NASHVILLE (AP) -- The federal government will implement a new rule mandating stiffer penalties for horse soring and other related violations.
According to The Tennessean, the U.S. Department of Agriculture's new rule will require organizations that inspect horses to assess minimum penalties to violators of the Horse Protection Act, including violations from soring Tennessee Walking Horses.
Currently, outside organizations licensed by the USDA and certified by the department's Animal and Plant Health Inspection Service can inspect horses for soring and other violations. The new rule would require these organizations to assess the same level of federally mandated penalties in any horse show they are inspecting.
Soring is pouring caustic chemicals on the hooves and lower legs of horses to induce the high leg kick that wins prizes in competitions.
Last month, the Humane Society of the United States released a video showing Collierville trainer Jackie McConnell abusing and soring horses. The video first aired on ABC's "Nightline."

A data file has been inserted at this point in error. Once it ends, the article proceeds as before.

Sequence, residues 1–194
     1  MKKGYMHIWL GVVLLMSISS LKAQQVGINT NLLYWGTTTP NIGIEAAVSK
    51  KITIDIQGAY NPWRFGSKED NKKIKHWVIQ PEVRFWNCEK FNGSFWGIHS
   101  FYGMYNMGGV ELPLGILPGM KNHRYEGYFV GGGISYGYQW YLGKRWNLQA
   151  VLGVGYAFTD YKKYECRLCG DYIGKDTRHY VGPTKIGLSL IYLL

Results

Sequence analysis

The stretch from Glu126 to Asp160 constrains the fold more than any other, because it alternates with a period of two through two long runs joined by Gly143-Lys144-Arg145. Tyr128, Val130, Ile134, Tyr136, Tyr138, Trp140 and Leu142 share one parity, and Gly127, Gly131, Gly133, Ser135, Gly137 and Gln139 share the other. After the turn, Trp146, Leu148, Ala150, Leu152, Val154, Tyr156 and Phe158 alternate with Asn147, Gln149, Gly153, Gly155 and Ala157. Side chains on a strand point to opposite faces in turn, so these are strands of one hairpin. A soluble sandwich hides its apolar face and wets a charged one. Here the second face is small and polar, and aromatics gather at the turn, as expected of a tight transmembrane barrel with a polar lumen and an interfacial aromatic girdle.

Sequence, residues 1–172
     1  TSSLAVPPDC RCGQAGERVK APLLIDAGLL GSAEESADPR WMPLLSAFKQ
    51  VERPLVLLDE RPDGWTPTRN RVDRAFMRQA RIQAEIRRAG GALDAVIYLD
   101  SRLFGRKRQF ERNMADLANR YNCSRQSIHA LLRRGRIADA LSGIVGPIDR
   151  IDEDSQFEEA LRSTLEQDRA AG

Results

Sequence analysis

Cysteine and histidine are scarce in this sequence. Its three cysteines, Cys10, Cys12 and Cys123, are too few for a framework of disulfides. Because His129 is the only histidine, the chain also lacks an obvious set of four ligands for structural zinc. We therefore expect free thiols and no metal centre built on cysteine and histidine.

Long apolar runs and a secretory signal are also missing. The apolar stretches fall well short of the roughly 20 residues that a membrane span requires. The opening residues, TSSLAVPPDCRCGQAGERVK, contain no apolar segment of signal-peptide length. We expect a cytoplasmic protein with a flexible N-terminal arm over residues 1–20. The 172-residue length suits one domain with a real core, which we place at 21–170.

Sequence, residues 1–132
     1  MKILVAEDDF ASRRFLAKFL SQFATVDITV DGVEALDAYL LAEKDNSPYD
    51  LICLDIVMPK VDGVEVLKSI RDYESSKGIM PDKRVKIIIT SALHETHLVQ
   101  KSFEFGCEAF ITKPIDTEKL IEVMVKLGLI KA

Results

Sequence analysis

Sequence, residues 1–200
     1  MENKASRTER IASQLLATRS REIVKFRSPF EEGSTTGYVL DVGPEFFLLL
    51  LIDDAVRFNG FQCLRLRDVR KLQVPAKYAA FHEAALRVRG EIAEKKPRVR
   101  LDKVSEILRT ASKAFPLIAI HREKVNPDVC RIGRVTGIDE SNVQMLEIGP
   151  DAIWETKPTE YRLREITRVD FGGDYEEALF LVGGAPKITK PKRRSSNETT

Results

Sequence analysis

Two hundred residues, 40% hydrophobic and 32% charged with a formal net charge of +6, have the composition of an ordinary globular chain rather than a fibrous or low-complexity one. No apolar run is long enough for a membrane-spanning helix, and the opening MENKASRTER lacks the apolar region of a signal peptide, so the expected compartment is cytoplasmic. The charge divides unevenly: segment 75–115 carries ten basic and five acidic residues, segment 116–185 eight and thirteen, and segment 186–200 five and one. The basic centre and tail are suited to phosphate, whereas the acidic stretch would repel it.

McConnell later pleaded guilty to federal charges of violating the Horse Protection Act. He will be sentenced later.
The new final rule will be published by the government Thursday and will take effect July 9, The Tennessean reported Tuesday. This would be in time for the Tennessee Walking Horse National Celebration in Shelbyville in late August-early September.
The paper quoted the USDA as saying any violation of the Horse Protection Act will now require the horse in violation to be dismissed from the show.
If the horse is shown to be sore, the new rule also will require those responsible for the soring to be suspended from participating in shows, exhibitions, sales or auctions. The suspensions would increase in length based on the prior number of violations per individual.